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Home | The Howling Over A Monstrously Inappropriate Gift

The Howling Over A Monstrously Inappropriate Gift

The Howling (1981) deserves its cult status as, arguably, one of the best werewolf films ever made. Screenwriter John Sayles (Alligator, Lone Star) rewrote Terence H. Winkless’ original draft adaptation of a marginal pulp horror novel written by Gary Brandner and crafted a brilliant script that expertly combined crime procedurals, horror, and humor. Director Joe Dante drew from his deep love of horror movies to layer a terrifying mystery narrative that slowly reveals itself as the film plays out.

And what makes The Howling so impacting is the weird and subtle tension lying beneath the surface. The werewolves in The Howling are different from other lycanthropes. Yes, they are conflicted and tortured, but in a starkly different manner from their predecessors. Unlike the Larry Talbot or Waldemar Daninsky werewolf archetype, The Howling’s werewolves are not humans tortured because they turn into wolves. They are wolves tormented by a desire to leave their human side behind.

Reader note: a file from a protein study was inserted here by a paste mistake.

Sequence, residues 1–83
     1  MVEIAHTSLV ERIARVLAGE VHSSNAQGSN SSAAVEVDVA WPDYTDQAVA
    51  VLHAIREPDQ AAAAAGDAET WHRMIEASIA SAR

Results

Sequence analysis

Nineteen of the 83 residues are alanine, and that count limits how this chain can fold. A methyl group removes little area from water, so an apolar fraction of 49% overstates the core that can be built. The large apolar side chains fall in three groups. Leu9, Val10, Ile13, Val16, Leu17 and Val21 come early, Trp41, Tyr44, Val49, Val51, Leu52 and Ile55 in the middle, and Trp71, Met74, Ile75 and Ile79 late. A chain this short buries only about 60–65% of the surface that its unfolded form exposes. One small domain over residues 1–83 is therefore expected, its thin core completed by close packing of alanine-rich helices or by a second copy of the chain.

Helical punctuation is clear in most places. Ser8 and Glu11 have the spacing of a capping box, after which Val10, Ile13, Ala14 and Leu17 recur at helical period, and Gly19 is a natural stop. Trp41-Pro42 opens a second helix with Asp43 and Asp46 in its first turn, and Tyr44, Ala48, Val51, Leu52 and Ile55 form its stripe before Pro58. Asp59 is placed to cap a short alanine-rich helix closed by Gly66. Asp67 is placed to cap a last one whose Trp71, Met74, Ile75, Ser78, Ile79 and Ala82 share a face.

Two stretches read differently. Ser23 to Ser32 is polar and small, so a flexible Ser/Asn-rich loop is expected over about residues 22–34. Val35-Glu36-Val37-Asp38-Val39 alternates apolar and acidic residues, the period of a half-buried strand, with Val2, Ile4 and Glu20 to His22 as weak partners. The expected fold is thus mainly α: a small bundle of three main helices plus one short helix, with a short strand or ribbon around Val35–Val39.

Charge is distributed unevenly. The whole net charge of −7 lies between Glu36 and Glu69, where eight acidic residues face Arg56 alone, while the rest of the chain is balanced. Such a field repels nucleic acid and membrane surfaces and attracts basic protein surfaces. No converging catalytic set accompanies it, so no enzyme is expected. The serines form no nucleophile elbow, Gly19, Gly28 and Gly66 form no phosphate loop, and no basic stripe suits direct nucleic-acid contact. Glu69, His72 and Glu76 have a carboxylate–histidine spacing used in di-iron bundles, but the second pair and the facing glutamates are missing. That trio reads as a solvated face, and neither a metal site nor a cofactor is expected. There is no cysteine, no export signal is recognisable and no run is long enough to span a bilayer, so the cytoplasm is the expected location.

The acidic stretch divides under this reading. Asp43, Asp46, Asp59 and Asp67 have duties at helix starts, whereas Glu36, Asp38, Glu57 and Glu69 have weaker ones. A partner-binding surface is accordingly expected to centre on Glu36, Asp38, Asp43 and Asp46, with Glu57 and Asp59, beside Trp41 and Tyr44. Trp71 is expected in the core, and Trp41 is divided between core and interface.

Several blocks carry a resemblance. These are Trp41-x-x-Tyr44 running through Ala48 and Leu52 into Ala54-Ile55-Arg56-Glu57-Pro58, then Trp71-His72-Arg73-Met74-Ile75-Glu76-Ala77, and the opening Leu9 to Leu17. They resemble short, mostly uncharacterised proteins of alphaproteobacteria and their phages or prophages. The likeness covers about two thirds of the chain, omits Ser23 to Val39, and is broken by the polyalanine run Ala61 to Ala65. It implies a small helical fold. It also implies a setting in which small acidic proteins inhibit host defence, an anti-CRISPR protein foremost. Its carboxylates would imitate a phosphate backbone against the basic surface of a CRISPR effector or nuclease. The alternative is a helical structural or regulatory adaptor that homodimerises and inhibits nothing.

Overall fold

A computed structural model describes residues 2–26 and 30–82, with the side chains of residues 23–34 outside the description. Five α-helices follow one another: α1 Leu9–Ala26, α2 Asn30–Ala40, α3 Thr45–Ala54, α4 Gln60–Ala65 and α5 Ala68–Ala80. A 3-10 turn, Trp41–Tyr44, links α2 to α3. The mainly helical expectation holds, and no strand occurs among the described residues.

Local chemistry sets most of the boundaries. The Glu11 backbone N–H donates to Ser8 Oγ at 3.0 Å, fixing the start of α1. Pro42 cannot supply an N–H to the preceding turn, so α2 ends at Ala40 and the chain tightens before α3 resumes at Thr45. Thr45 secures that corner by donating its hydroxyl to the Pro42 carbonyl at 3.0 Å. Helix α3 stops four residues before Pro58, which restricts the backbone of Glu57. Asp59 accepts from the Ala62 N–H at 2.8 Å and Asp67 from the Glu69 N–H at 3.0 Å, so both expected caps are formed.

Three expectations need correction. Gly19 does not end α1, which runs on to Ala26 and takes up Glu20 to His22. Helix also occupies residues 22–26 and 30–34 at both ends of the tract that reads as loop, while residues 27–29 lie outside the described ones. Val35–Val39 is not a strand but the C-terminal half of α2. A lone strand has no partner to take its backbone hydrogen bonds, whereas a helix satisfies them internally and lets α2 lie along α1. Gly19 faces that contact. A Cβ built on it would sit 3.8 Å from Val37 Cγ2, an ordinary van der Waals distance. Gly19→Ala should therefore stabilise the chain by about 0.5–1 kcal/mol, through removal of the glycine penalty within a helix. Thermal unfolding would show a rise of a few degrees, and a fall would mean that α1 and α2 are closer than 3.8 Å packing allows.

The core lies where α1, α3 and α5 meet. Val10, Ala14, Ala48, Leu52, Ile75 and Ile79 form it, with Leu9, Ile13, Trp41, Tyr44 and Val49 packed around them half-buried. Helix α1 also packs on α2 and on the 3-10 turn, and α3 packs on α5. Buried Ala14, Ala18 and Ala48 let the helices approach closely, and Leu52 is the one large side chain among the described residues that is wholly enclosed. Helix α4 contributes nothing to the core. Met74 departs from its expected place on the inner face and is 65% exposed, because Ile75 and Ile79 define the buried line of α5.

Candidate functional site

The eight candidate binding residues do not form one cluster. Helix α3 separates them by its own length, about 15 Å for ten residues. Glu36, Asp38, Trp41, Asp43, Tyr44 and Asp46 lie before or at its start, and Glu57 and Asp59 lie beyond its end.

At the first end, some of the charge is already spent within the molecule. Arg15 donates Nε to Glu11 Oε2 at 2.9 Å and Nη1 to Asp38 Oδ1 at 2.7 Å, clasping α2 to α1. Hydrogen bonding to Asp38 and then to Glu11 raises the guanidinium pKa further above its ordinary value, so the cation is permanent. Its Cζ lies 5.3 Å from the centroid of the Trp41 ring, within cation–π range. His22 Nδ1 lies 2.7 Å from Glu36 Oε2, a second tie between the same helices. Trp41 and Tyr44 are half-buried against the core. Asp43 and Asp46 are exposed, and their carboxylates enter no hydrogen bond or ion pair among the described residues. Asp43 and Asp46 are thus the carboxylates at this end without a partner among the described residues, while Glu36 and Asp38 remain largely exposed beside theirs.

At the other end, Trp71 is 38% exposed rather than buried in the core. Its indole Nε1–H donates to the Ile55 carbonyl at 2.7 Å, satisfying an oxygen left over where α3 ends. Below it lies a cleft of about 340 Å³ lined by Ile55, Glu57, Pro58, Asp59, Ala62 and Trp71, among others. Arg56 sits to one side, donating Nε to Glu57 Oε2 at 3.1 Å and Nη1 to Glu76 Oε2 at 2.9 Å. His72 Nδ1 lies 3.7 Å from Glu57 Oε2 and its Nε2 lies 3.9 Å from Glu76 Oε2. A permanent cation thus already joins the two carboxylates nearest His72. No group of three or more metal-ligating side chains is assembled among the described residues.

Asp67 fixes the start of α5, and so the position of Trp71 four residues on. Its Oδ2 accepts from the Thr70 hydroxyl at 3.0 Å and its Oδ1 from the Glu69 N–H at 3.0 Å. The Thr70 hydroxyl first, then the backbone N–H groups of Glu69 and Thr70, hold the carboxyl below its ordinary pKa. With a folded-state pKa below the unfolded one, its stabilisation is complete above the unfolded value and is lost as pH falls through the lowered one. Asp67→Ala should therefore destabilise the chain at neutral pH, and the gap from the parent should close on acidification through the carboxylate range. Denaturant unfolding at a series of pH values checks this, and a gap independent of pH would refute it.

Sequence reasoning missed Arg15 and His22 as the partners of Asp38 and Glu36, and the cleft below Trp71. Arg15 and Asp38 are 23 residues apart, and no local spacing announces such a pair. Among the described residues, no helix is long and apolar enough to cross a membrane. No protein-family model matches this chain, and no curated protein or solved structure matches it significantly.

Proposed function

And Patrick Macnee’s Dr. George Waggner’s pop psychology is losing its ability to keep the beasts at bay. 

Society Changes, the Werewolf Doesn’t Want To

In The Howling, the previous order no longer exists. In the days of folklore, a werewolf reveled in its relationship with human beings. The creature saw its role as a predator and the humans as prey. While wolf at times and human and others, the werewolf almost always embraced the animal side. Perhaps this was because the wolf, through its power of a predator, sat comfortably at civilization’s edge. Humans believed in the werewolf, and that belief manifested in tremendous fear. Humans unable to live safely in the city found themselves at the mercy of animals in the forest. Werewolves also found safety in rural areas and maintained an ability to hunt humans.